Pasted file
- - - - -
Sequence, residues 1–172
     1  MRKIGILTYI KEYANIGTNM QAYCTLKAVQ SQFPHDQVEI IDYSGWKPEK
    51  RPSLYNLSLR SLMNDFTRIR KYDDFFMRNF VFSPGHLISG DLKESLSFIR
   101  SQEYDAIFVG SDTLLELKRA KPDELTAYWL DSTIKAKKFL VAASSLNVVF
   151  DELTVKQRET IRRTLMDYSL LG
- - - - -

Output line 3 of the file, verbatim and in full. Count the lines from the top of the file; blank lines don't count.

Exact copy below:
    51  RPSLYNLSLR SLMNDFTRIR KYDDFFMRNF VFSPGHLISG DLKESLSFIR